Abstract: At UC Berkeley, we are informing political debates surrounding online privacy through empirical study of website behaviors. In 2009 and 2011, we surveyed top websites to determine how they were tracking consumers. We found that advertisers were using persistent tracking technologies that were relatively unknown to consumers. Two years later, we found that the number of tracking cookies expanded dramatically and that advertisers had developed new, previously unobserved tracking mechanisms that users cannot avoid even with the strongest privacy settings. These empirical observations are valuable for the political debate surrounding online privacy because they inform the framing and assumptions surrounding the merits of privacy law. Our work demonstrates that advertisers use new, relatively unknown technologies to track people, specifically because consumers have not heard of these techniques. Furthermore, these technologies obviate choice mechanisms that consumers exercise. In the political debate, “paternalism” is a frequently invoked objection to privacy rules. Our work inverts the assumption that privacy interventions are paternalistic while market approaches promote freedom. We empirically demonstrate that advertisers are making it impossible to avoid online tracking. Advertisers are so invested in the idea of a personalized web that they do not think consumers are competent to decide to reject it. We argue that policymakers should fully appreciate the idea that consumer privacy inter-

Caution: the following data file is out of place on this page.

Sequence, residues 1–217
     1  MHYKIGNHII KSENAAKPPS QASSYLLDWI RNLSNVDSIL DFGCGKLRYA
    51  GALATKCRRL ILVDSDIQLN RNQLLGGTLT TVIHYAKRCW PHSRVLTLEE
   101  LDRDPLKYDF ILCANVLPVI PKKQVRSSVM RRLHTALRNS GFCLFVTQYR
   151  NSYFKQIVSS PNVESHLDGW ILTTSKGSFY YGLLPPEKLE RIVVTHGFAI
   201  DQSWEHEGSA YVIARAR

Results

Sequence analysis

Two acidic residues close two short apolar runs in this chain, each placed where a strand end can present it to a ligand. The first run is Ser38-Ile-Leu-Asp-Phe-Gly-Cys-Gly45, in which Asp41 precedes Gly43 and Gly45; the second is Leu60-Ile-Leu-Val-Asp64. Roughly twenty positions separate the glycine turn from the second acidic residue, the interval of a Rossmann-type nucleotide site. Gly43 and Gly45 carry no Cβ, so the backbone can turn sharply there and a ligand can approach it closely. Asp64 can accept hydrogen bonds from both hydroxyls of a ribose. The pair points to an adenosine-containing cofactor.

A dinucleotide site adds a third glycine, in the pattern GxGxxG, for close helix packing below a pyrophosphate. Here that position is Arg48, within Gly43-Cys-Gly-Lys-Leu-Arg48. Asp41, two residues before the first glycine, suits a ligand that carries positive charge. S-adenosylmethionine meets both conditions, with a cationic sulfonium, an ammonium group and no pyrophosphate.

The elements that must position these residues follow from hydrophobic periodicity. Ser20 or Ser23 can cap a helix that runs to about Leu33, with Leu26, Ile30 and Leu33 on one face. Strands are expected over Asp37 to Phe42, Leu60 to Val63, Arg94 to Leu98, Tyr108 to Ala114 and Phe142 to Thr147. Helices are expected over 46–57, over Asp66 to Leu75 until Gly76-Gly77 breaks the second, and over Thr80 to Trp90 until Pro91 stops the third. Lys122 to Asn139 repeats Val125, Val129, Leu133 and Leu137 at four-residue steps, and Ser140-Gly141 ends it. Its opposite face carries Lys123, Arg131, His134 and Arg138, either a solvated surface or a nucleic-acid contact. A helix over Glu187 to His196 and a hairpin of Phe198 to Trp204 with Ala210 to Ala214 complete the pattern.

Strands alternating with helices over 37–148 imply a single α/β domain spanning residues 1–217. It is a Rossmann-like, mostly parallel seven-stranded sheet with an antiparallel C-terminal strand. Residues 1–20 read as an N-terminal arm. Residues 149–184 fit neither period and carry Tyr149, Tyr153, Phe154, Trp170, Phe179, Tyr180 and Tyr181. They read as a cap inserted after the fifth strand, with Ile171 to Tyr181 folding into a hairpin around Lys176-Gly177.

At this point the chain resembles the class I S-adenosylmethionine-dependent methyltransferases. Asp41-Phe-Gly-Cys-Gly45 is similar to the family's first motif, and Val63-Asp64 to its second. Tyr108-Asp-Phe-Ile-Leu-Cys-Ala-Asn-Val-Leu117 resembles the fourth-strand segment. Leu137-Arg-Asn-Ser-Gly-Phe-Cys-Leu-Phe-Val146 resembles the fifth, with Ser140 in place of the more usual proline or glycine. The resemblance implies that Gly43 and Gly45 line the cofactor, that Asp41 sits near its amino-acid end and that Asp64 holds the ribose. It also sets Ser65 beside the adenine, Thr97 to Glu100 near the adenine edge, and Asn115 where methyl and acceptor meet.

TL;DR: There seems to be a disjunction between how much people are willing to pay for a certain good and how much welfare they would obtain from receiving that good.